How Does a Tenant Use Repair and Deduct?
In many states, "repair and deduct" is a tactic tenants can use to force a landlord to make necessary repairs. When there is some repair to a rental unit that must be made, and the landlord does not make it herself, the tenant may hire someone to repair the unit and deduct the cost of the repairs from the rent. However, a tenant must be very careful before using this strategy because withholding rent is a serious action which could result in an eviction.
When a Tenant May Use Repair and Deduct
First, as a general rule, a tenant can only use repair and deduct when the landlord has a legal duty to make the repair. The legal duty can come from two places: either the landlord's duty to repair is listed in the lease, or the affected part of the rental unit makes the unit uninhabitable.
Every rental unit comes with an implied warranty of habitability. What exactly makes a unit habitable varies by state, but usually it means that the unit must be structurally sound, have hot and cold running water, heated, and generally free of pests.
If the repair does not affect the unit's habitability, and is not covered in the lease, then the landlord does not need to fix it. A tenant can ask her landlord to make those repairs, but if the landlord refuses, there is very little else she can do besides move out (as permitted by the lease).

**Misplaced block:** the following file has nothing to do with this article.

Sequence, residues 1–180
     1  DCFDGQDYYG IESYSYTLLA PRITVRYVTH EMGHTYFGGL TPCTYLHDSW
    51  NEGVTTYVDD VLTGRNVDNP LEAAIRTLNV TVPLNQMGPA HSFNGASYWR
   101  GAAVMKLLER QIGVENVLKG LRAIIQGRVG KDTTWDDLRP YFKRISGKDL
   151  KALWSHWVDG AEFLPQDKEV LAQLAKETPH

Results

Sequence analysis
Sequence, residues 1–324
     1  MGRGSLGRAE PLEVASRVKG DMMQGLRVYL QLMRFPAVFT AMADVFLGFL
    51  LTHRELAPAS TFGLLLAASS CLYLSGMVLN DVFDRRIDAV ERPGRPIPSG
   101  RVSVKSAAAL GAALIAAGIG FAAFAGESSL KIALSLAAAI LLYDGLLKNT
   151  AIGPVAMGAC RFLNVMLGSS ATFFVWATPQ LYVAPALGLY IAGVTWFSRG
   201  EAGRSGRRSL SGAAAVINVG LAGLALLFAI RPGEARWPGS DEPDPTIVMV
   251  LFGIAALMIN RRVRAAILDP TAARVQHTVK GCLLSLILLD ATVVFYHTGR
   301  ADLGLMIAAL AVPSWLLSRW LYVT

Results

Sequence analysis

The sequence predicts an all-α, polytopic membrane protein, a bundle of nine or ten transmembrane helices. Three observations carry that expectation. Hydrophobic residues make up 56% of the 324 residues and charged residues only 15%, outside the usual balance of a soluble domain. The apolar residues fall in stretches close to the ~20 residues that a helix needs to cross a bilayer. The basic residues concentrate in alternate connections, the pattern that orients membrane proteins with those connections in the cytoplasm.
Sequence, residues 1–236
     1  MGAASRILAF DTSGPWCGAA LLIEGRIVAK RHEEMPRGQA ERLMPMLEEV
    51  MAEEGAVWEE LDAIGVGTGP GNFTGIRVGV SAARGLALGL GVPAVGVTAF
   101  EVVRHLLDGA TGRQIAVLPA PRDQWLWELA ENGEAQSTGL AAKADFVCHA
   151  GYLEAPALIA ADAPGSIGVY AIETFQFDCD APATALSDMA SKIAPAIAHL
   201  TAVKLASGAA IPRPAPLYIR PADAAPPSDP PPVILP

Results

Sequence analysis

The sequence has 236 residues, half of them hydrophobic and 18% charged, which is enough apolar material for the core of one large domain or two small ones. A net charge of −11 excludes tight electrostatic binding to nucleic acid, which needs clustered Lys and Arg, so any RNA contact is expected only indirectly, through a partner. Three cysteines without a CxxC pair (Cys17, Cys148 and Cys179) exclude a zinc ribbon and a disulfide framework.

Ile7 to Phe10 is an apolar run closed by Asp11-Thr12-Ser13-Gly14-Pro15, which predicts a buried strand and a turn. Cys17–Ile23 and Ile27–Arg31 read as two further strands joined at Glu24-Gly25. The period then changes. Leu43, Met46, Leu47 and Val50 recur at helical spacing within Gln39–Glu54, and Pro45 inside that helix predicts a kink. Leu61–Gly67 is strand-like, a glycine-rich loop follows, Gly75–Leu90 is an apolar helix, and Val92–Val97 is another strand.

How to Use Repair and Deduct
Once you're sure that the landlord has a duty to repair a defect, inform the landlord that the repair needs to be made. Most landlords specify how to let them know of these defects. There is no need to start off these discussions by threatening to withhold rent. Most landlords have no interest in letting serious repairs slide, since they know that procrastinating on repairs can cause a bigger mess in the future.
However, if the landlord does not agree to make the repairs, then you start the repair and deduct process. In most cases, this is done by sending a letter to the landlord describing the defect in the apartment, what needs to be done to repair it, and a cost estimate. Give the landlord a deadline by which to respond. Make sure the deadline is not too short -- it has to be enough time for the landlord to receive the message and send a response back. Then, indicate in your letter that if you do not hear from the landlord by your deadline, you will make the repair yourself and deduct the cost from your rent. Remember to keep copies of all correspondence, as well as all of your receipts so you can prove how much you spent.
See FindLaw's section on Repairs and Maintenance in rental units for more information.